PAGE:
Second Opinion: Helping children tune in to obesity in high definition


Does Ireland really need a new children’s service which is going to make our obesity problem worse?

When Minister for Children and Youth Affairs, Frances Fitzgerald TD, recently launched RTÉ’s children’s television, radio, online and mobile service, she was “delighted” and complimented RTÉ on the wonderful initiative.

“I have no doubt that RTÉjr will be entertaining and educational, sparking our children’s imagination and supporting childhood development.”

The new service is aimed at 0-7 year olds and children will be able to watch, listen and play on the website or app, as well as catch up with over 40 hours of children’s content on RTÉ player every day.

This is just what children need: more sitting around instead of getting out and about, playing games and interacting with their peers. Whatever about the entertainment aspects of the new service, it will definitely not support healthy child development.

The Growing Up in Ireland (GUI) study noted that “participation in this type of sedentary activity can have a particularly important impact on a child’s health outcomes” and there is convincing evidence that watching television and computer game use is linked to obesity.

Obesity risk
Obesity risk begins early in life and the poorer the child, the greater the risk. The GUI study found that nine-month-old Irish babies are 12 per cent heavier than the weight recommended by the WHO for their age and 26 per cent of three year olds are overweight or obese.

The main reason is that few babies in Ireland are breastfed and a majority are weaned too early. Children from poorer backgrounds are less likely to be breastfed, more likely to be weaned early, and more likely to experience rapid weight gain in early infancy.

Although 78gms lighter on average at birth, by three years of age children from households where parents never worked are both shorter in height and 200gms heavier than their better-off counterparts.

These children stay stunted all their lives and their weight gain is disproportionate to their height, leading to a higher risk of obesity.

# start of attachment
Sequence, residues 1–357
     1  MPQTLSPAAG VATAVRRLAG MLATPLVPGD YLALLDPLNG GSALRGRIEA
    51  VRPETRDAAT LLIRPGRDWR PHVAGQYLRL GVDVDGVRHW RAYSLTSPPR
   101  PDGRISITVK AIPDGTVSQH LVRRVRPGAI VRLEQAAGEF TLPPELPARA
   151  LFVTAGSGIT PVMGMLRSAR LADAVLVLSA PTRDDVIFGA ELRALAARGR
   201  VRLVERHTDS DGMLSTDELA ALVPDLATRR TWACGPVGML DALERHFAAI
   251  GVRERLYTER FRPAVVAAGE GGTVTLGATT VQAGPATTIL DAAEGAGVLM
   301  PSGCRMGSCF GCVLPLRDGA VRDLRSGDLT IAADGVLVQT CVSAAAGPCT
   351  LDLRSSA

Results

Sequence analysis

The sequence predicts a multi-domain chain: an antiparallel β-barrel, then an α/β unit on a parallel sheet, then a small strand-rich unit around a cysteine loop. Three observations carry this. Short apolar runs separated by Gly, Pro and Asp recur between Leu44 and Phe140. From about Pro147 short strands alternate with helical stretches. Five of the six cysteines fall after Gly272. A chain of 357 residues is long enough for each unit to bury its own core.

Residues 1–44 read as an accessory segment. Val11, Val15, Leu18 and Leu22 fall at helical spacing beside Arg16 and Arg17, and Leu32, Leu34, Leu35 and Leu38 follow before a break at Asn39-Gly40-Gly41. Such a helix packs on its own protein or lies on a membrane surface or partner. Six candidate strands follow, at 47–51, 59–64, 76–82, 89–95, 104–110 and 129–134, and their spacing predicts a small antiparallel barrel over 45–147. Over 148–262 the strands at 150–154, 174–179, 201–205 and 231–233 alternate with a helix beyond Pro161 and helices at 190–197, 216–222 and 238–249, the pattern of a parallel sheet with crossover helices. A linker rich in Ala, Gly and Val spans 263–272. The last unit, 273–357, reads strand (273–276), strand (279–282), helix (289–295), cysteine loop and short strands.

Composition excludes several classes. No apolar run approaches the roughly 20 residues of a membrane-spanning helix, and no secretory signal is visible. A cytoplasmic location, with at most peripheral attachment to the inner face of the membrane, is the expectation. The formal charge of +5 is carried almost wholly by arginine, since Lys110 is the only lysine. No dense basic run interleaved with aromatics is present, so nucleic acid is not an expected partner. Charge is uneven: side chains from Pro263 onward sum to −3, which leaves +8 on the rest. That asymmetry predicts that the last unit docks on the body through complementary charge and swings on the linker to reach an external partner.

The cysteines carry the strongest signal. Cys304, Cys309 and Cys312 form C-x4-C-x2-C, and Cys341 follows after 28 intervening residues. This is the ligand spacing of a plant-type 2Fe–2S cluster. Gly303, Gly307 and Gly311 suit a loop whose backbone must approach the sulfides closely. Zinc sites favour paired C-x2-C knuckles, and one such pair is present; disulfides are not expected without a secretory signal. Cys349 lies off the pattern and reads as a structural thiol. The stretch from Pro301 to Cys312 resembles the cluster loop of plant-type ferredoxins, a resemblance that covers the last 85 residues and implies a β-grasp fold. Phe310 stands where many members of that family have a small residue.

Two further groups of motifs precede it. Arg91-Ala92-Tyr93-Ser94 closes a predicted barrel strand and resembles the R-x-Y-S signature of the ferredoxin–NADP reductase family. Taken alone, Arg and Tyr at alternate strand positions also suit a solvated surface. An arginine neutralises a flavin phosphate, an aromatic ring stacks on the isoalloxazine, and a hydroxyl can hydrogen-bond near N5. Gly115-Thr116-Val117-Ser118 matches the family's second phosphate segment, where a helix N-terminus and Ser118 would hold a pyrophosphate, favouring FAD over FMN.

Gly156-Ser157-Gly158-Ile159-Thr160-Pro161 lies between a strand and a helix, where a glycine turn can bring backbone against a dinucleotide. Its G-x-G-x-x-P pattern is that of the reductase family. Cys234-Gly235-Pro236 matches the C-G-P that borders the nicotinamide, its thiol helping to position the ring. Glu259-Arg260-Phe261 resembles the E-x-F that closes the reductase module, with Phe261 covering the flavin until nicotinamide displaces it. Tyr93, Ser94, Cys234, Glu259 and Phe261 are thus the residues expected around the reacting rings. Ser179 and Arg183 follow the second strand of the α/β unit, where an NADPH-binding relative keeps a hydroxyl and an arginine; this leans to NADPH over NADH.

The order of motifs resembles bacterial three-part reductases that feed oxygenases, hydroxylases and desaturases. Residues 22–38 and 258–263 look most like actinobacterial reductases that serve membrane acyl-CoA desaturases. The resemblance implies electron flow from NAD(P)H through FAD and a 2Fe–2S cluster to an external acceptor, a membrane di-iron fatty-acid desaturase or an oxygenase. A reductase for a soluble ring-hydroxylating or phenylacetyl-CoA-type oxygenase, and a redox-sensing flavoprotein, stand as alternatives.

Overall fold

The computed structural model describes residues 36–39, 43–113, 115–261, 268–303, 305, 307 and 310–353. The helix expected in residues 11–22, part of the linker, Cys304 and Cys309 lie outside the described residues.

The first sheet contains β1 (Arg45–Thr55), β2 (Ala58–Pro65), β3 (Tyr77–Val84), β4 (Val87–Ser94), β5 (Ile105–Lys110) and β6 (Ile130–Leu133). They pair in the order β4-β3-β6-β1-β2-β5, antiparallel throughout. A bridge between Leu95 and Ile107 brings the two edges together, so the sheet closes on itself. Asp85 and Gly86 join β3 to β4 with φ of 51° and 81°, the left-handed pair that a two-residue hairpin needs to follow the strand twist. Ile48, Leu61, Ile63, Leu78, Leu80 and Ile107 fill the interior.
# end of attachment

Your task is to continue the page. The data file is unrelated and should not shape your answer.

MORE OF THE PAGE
Children don’t grow out of their weight problems and, in fact, more than a third of 13 year olds are on a diet.

Children are not active enough. The Unicef Report Card 2013 showed that almost three-quarters of Irish children aged 11, 13 and 15 spend less than one hour a day engaged in moderate-to-vigorous physical activity. GUI found that only 39 per cent of 13 year olds participated in light (walking, cycling) or hard (jogging, football) exercise on nine or more of the previous 14 days.

Add television, computer and app use into the mix and overall health outcomes for children are poor.

The GUI study found that boys who watch television for three hours or more a day are four times more likely, and girls twice as likely, to be obese than children who watch for less than an hour a day.

Children from poorer families are significantly more likely (56 per cent) to have a TV in their bedroom than those (29 per cent) from better-off and educated households.

We have the perfect storm – overeating, no exercise and children’s programmes from 7am until 7pm.

Occasional use
In fairness to RTÉ the new children’s service looks good and is completely ad free and non-commercial which is great. I have downloaded the app so that my grandchildren can occasionally enjoy what is on offer.

Occasional is the operative word here and if parents are unable to restrict their children’s food intake, will they be able to restrict the time spent on RTÉjr? I doubt it.

Also, children would probably prefer to have a story read to them by real people instead of listening to Storytime , go on one of the great free Coillte walks instead of learning to read a compass on Forest Force , or get a real pet instead of watching The Secret Life of Family Pets .

In addition, a 2011 report, Obesity – a Growing Problem , from the Oireachtas Library and Research Service, notes that reducing the amount of time children spend watching television is one of the top five cost-effective interventions that reduce obesity, along with fat and sugar taxes and a ban on advertising energy-dense, nutrient-poor foods to children.

Yet here we have a Government Minister welcoming a service that will not improve child health outcomes.

Five years from now health experts and policymakers will be wringing their hands wondering why even more children are overweight or obese.